That’s an interesting idea. It seems to me that it’s pretty hard to separate leadership and money. For example or leadership a place in the hierarchy. And so you’re suggesting. A world in which those things are separate. That. Somebody. Can be a leader but that’s not indicative of some service to organizational status. Or a bigger paycheck. It’s that the moment leadership is required in this area and somehow. The person. Who needs to do the leading gets a dollop of opportunity to provide leadership. Then when the moment is over. Somebody else gets position is more like a dance of some kind. It’s like a hierarchy. Yeah absolutely and I mean I do I do suggest in. The field of organizational network analysis has got some interesting. E C interesting. Network charts of how decisions and work.

00:19:25:14 – 00:20:58:01
Actually is done in organizations today even if they have a traditional hierarchical structure and a kind of organized that way. Yeah. The opportunities for leadership and people taking those moments and being more proactive exist everywhere. So that’s that’s interesting when you think about the development of your. Progress and your business overall do you imagine moving closer to the original network analysis or is that just simply forums the system server side the. Nerds. Yeah it’s a very good question. I do. I. Guess the. Dilemmas that we face. In growing though is just the practicalities of. You mentioned the dollar. So. Who wants to pay for these efforts. And where is the where is the investment and people going. So I would love a future where organizational network analysis informs who gets the most investment in formal leadership development. And a tool like ours is a great is a great way of actually getting the assets to do good organizational network analysis so you can. You can put. A leadership development initiative and a really good high quality experience in the hands of ultimately all of your company. And then in Adeption and then use the outcomes effect to see who the real people are influencing things and who have got the real potential to grow further and become your executives. And then you can invest. In. Far more intensive experiential exercises for those people.

00:20:58:02 – 00:21:53:22
Fascinating. So that suggests my experience of leadership is. It is one of the primary. Features of leadership is I am the leader in Myanmar. There’s some sort of. Opaque nature to the relationship. Which which always I believe is read. Because it’s a power relationship as. There’s something that the leader knows that I don’t know. And those two things I am the leader of your novel. I know that you go. Are the foundation of a lot of the leadership. I see. Up the hierarchy. Implies. Implies knowledge of your and you’re talking about a kind of leadership that doesn’t behave that way. It must be heads square for some of your clients. It is it is. It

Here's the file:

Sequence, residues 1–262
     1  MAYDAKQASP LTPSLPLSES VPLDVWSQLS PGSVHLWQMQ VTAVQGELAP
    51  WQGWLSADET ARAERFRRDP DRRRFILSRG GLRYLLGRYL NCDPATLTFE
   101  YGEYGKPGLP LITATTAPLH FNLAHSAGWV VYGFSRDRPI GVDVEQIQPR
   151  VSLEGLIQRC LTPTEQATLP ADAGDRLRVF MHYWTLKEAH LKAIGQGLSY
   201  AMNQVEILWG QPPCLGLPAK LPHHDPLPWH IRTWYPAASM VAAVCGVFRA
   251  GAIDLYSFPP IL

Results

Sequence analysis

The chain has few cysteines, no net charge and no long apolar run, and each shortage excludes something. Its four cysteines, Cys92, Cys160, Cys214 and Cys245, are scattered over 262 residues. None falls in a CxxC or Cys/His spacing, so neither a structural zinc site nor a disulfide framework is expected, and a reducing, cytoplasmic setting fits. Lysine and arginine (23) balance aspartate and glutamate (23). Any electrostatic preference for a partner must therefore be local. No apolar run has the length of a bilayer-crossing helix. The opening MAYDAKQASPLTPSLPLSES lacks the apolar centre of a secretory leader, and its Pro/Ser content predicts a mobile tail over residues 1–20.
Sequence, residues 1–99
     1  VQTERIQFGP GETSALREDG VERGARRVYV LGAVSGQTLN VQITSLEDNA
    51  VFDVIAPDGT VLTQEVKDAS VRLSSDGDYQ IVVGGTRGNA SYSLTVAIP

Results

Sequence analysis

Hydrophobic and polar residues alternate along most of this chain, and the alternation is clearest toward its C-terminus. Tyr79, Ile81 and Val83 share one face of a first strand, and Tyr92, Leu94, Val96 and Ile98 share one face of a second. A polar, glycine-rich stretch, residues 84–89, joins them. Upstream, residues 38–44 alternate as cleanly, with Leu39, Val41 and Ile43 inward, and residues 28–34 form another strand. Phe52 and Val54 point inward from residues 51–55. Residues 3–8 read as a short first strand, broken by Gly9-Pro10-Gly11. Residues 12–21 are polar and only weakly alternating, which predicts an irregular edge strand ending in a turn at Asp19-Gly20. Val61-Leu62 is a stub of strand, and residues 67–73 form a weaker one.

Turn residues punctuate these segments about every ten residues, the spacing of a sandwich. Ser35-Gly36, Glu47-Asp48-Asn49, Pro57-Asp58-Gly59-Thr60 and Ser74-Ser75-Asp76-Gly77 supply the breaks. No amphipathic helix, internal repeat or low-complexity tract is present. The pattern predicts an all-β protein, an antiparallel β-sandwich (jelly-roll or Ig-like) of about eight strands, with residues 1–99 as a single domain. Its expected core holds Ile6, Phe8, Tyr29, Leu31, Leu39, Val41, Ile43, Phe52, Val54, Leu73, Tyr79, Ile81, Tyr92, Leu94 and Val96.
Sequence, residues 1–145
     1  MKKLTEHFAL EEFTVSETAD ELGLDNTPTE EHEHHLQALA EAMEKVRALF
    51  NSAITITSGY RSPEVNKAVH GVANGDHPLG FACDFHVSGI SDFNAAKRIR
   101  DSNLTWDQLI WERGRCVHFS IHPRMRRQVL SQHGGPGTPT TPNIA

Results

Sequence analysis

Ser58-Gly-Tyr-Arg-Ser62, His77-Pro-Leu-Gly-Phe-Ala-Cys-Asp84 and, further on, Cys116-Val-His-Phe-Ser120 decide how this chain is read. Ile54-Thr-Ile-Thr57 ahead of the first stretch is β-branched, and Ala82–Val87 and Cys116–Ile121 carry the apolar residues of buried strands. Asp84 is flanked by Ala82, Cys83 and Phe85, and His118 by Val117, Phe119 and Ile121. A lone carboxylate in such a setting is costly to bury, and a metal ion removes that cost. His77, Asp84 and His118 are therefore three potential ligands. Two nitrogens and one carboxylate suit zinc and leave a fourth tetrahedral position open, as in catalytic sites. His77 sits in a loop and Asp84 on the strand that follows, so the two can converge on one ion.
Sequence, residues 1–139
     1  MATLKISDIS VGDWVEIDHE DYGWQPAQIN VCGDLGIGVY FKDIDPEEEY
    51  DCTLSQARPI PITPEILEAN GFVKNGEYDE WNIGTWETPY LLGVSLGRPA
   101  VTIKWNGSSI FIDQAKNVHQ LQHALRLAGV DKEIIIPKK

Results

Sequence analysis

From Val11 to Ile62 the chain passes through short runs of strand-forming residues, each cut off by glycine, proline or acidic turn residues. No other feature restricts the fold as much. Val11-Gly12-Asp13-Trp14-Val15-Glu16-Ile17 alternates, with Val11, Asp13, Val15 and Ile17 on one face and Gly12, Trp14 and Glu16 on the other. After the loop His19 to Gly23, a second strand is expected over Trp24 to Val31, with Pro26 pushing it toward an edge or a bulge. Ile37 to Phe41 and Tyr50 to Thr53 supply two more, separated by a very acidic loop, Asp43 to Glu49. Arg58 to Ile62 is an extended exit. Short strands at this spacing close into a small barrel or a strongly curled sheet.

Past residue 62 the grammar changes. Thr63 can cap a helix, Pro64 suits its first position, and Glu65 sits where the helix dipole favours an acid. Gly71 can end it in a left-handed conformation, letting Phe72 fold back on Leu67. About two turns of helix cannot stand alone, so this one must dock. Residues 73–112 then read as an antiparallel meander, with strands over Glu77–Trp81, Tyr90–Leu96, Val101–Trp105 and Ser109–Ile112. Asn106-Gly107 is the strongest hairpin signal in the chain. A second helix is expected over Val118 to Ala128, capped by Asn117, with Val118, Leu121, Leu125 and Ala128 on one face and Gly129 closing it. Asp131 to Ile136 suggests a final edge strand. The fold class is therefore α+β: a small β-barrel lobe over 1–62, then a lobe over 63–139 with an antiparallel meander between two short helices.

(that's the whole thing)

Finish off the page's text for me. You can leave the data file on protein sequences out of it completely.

00:21:53:27 – 00:23:47:23
It is. It also surprises me with how receipt of people are to it. Because of I guess the. The transformation that is happening in so many organizations. A lot of the head scratching is coming from those. Formal leadership positions. That. Are realizing that by the time information gets to them. To make. Decisions that are based on I know something you don’t know. It’s just not the case. The. People who are doing the work. And who are experiencing. Customers and. Scientists on a daily basis know things far faster. So. This is I’ll go back again to the. Toyota Production System as an example and we’ve taken this a lot broader but also Agile is one of the principal theories to push decision making as close as possible to the information. So if you sort of think about wanting people to make decisions in the moment. It’s those people that are closest to the information. A great example as a bank teller there’s nothing more frustrating as a customer. To have a bank teller. Feel like they have to go and get permission before they can solve your problem. To me that’s just a leadership challenge. If somebody is well-prepared and confident. There is no difference between. Your ability to solve. In fact there is a big difference between their ability to solve a problem. And their one or two up managers ability to solve the problem. Better position because they know what’s going on in the moment far better than somebody else does. And so ultimately you get a better outcome. The military has got a lot of examples from this as well as that. In many ways the. Old plans after the things that are happening on the ground are are out. There. The formal senior roles of leadership have only got limited ability to influence what’s happening in the moment. So this is

00:23:48:09 – 00:24:33:14